Perhaps some of you will have heard about Matthew Robson's research note on the media habits of teens. Hobson, 15, is an intern at Morgan Stanley's in London.
The Financial Times writes that the note by (a) 'teenage scribbler' caused sensation and the response was enormous. “We’ve had dozens and dozens of fund managers, and several CEOs, e-mailing and calling all day,” said Mr Hill-Wood, executive director of Morgan Stanley’s European media team, estimating that the note had generated five or six times more feedback than the team’s usual reports.
So, in short what did he tell? (You can read the full report here and here).
Teens don't watch TV on a regular basis, they seldom listen to radio and prefer advert-free websites like Last.fm instead. They find advertising "extremely annoying and pointless". They like the cinema, concerts and video games, especially the Wii, the Xbox 360 and the PS3.
They don't read newspapers, and prefer TV or online news summaries. They only read tabloids and freesheets.
Most teenagers are very active in social networking sites such as Facebook because one can interact with friends on a wide scale. They do not use twitter, because of the costs and because nobody views their profiles, they consider it "pointless".
Lots of people are now comforting themselves that Mr Robson's research is not representative. This is correct but no cause for comfort.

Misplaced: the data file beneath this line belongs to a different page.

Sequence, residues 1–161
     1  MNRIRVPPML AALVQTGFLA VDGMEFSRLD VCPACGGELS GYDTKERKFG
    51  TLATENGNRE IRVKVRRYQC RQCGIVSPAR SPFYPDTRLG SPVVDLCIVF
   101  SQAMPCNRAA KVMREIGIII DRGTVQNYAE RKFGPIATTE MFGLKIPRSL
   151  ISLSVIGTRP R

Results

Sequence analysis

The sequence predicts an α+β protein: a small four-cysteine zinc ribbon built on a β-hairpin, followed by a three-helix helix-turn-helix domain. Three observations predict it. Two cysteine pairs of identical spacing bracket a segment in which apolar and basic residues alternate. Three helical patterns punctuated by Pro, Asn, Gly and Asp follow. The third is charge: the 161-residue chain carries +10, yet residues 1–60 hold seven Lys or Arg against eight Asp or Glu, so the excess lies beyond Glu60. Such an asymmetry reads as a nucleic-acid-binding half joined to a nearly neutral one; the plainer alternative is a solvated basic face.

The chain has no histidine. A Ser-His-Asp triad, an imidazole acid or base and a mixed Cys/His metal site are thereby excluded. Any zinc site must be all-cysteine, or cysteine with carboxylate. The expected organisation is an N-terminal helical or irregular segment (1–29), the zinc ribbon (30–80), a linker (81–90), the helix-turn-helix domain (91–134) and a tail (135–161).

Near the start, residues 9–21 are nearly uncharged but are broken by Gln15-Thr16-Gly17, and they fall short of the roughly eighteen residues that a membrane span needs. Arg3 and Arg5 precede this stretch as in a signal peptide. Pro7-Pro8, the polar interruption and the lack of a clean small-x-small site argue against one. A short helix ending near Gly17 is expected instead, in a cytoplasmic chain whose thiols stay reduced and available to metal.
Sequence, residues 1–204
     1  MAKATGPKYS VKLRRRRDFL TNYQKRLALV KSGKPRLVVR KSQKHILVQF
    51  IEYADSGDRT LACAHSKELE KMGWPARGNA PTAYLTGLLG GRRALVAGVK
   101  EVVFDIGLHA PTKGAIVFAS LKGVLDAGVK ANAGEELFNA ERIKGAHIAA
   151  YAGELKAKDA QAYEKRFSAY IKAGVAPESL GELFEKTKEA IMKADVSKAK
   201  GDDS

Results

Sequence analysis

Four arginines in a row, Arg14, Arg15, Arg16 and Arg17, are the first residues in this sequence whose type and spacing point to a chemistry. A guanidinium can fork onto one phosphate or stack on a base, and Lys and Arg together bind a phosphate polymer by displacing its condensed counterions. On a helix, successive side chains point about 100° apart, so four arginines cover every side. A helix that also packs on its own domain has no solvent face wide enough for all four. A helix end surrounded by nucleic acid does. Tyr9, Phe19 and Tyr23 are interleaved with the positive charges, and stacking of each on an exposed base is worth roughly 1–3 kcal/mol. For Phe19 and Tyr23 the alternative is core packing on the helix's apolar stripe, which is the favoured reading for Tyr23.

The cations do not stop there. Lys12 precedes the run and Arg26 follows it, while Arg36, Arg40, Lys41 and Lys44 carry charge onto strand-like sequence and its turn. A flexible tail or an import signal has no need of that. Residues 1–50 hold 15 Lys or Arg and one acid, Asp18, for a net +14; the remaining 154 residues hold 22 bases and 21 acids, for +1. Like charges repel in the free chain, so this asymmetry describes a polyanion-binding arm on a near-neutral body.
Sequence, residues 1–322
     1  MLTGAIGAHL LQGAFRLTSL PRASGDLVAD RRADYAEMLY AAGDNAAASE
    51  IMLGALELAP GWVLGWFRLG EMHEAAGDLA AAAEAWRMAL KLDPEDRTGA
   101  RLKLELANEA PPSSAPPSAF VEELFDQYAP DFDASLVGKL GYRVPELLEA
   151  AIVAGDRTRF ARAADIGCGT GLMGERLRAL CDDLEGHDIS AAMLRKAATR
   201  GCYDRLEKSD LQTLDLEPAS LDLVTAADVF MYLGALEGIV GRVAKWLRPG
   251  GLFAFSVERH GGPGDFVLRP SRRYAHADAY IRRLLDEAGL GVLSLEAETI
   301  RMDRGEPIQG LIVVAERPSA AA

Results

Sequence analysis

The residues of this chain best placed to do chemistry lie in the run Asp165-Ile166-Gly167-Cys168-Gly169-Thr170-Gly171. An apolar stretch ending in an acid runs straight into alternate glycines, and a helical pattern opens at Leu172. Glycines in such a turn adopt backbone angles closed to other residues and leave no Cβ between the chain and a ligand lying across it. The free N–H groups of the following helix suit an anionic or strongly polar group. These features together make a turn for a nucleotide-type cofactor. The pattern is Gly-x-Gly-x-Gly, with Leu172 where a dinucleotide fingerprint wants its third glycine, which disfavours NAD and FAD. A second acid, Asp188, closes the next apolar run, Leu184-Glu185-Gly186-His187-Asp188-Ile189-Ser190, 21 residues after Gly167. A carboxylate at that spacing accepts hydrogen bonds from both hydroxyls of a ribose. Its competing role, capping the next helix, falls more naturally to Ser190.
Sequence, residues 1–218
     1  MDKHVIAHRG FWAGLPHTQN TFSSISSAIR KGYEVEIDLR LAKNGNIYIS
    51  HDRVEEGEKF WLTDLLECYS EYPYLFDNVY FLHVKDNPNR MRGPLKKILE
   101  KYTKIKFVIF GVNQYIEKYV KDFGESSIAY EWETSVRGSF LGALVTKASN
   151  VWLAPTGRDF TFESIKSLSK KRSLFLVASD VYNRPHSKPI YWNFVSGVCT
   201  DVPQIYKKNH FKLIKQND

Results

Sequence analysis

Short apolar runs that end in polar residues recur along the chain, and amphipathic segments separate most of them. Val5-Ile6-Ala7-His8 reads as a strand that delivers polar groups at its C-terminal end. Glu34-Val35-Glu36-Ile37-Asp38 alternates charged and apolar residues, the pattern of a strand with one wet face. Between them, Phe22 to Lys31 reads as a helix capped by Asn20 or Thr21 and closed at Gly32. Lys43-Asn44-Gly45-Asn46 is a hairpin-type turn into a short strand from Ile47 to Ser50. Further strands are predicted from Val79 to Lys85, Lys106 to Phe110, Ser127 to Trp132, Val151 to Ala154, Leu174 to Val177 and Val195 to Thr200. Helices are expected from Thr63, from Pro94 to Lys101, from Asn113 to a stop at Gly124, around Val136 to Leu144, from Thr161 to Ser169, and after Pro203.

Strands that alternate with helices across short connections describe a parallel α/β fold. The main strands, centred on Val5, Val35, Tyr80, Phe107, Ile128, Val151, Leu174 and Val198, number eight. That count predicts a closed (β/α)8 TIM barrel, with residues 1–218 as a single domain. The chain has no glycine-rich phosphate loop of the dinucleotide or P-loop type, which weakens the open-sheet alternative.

I think, Mr Robson's research notes read like a very coherent summary of most of the major studies published in the field of media and teens within the last years. Many of them representative. (Maybe with the exception of twitter, which was not included in most of them).
By the way, I conducted a very small poll among my students a few weeks ago (only 200 people) asking: "Do you know Twitter?" and "Do you use Twitter?"
90 percent hadn't even heard of it. About 8 percent had heard about it, but were not sure what it was. Two percent knew roughly what it was but had never tried it out.
Maybe, Austria is a bit backward here. However, a Nielsen report says that Twitter is most popular among working adults.
And Harvard Business Publishing tells us that among Twitter users, the median number of lifetime tweets per user is one. But there's a small contingent of users who are very active. Specifically, the top 10% of prolific Twitter users accounted for over 90% of tweets.
I'm interested in your opinions and thoughts about microblogging on Twitter.
And: Do you use it?
Feel free to comment!